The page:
1

Evening

I made a post - nothing wrong with it, yet a user decided to edit it - does he have nothing else to do except collect points for edits?

Waste of time in my opinion.

Yes, I said Evening and Signed off with my name.

2
  • 4
    This is not the forum for raising this concern. And FYI any edit is reviewed by moderator also other than the post owner
    – Gaurravs
    Dec 3 '15 at 4:46
  • I also feel that some of the edits are made only to earn points and not to improve quality of questions.
    – P S
    Dec 4 '15 at 4:38
7

I think "farming" reputation by edits is not such a big deal, as long as the edits have a certain quality and meet the SP.SE standards:

Edits are expected to be substantial and to leave the post better than you found it. Common reasons for edits include:

  • To fix grammar and spelling mistakes
  • To clarify the meaning of the post (without changing that meaning)
  • To include additional information only found in comments, so all of the information relevant to the post is contained in one place
  • To correct minor mistakes or add updates as the post ages
  • To add related resources or hyperlinks

So it's (most) the moderators / people with 2k reputation "job" to decide whether an edit is worth accepting it. Maybe some "trivial" edits have passed the queue which should have not. But I think the "2k people" are doing a good review job in general.

The permission to "reject" edits to your own posts might result in situation like that:

Why's that guy editing my post? It was perfect the way it was. Edit rejected!

But what's a perfect post in the StackExchange world is not a decision to be made by a single (new) user but by the community and/or the people that have been around for a while (see: Jeff Atwood: A Theory of Moderation )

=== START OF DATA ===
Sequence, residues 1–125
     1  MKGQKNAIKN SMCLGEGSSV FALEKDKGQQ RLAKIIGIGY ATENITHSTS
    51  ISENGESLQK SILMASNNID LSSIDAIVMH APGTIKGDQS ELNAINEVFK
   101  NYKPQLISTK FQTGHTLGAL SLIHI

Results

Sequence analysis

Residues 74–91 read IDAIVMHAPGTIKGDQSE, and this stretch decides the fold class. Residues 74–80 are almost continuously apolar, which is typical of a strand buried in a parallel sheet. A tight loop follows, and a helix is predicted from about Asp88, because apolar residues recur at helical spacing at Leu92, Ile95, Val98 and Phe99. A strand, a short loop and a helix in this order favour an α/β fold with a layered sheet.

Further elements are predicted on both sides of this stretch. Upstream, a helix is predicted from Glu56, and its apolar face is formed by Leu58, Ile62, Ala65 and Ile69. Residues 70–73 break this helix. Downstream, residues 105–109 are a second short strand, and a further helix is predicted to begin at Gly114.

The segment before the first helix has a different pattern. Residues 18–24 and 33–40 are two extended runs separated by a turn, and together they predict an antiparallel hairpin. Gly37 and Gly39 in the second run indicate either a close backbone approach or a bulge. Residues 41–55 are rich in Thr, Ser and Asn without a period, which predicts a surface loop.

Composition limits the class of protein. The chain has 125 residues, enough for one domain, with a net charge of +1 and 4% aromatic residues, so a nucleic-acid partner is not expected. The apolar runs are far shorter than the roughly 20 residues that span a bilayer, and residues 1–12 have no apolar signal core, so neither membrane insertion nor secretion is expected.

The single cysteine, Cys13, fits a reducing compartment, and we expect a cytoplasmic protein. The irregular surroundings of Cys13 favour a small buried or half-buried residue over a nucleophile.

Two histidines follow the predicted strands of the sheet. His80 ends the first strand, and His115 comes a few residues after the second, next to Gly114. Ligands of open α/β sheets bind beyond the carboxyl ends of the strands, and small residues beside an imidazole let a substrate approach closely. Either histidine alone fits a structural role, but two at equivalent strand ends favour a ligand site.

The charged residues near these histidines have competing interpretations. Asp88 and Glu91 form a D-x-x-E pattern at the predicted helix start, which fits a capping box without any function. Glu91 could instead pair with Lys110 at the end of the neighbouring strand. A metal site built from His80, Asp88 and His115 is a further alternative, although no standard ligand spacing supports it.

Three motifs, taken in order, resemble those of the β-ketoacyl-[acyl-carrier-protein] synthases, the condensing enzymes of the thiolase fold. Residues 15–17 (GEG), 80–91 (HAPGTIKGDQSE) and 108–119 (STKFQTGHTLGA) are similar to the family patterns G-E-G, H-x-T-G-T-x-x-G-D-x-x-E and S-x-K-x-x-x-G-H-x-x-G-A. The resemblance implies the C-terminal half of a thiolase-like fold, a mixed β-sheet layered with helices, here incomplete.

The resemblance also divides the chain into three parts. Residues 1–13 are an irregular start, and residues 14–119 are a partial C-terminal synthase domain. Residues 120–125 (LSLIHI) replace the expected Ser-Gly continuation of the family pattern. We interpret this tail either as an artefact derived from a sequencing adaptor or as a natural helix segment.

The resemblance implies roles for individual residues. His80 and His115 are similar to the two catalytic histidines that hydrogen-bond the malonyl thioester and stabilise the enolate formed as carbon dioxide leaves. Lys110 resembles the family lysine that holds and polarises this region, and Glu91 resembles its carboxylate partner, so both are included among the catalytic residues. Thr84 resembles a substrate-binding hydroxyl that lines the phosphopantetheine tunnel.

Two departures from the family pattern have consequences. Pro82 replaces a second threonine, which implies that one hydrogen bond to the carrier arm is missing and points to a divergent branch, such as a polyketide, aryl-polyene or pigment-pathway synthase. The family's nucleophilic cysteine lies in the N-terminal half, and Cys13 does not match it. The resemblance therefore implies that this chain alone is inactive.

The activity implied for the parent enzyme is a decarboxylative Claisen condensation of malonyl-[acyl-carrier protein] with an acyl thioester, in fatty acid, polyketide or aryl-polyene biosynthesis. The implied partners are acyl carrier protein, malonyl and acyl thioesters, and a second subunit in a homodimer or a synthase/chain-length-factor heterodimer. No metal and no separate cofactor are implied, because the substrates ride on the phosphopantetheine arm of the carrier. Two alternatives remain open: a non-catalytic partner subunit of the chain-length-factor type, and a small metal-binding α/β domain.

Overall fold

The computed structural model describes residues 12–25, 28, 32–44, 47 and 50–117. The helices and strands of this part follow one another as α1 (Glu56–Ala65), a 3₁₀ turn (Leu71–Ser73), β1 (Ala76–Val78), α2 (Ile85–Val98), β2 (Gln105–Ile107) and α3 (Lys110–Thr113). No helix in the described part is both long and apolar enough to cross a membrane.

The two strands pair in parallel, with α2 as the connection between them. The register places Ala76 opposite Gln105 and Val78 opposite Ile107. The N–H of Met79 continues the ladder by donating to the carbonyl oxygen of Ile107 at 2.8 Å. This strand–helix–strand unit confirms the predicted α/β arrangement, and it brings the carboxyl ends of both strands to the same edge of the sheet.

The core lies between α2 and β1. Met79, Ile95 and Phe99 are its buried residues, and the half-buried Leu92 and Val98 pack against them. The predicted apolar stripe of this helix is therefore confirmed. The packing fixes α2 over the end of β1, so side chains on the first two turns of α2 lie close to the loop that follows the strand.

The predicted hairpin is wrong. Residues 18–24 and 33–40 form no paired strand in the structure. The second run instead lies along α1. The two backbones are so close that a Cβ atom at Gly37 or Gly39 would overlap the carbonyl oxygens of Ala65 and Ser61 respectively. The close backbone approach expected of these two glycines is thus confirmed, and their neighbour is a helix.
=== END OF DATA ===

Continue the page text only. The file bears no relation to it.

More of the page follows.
And the maximum reputation you can gain from editing posts is set to 1,000. So "fiddling" reputation by extensive editing is only possible to a limited extent.

When an edit is approved, the editor receives +2 reputation -- up to a maximum of +1000 total per user. Contributing good edits is now a nice way to gain reputation and bootstrap less active users into full members of the community.

(see: Jeff Atwood: Suggested Edits and Edit Review)

But as Daniel Ziga pointed out on meta, SP.SE seems to have "problems" with (new) users posting poorly formatted questions:

  1. As an extension of point 3. New users don't know how to format their question. Moderators spend a lot of time editing questions to improve code formatting [...]

I think it's not just about code formatting. I often see "copy-paste-one-liner" posts that are "optically" difficult to read. And I really feel like:

"Gosh. You don't put effort in formatting your post and making it pleasant to read. But you want the community to help?! Next."

Many posts from new users really need grammar fixing and formatting improvement (as the new user are probably not aware of the formatting options, as Daniel said in his post.)

So there are some people that format other people's posts. I think (hope) their intention is not to boost their own reputation but to make the post more readable so that other people are more willing to deal with the problem described / hidden in the one-liner.

And now imagine this post without formatting ... just kidding :)

2

Just for your record:

  1. I edit posts to ensure that the user receive "maximum" views for asking a good question.
  2. My reason behind formatting a post as per SE standards is plainly because I feel using formatting options provided by SE is to help the search engine find the accurate question a user is searching for. Using `` option or a

    Block quote

    aids the search engine to tap these formatted words as keywords and find a better match

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  • 5
    As a side note: ` ` is mainly used for code snippets on SP.SE, marking the questions keywords as code really only lowers the readability Dec 6 '15 at 19:50
  • Sure, I will keep this in mind Dec 10 '15 at 6:01

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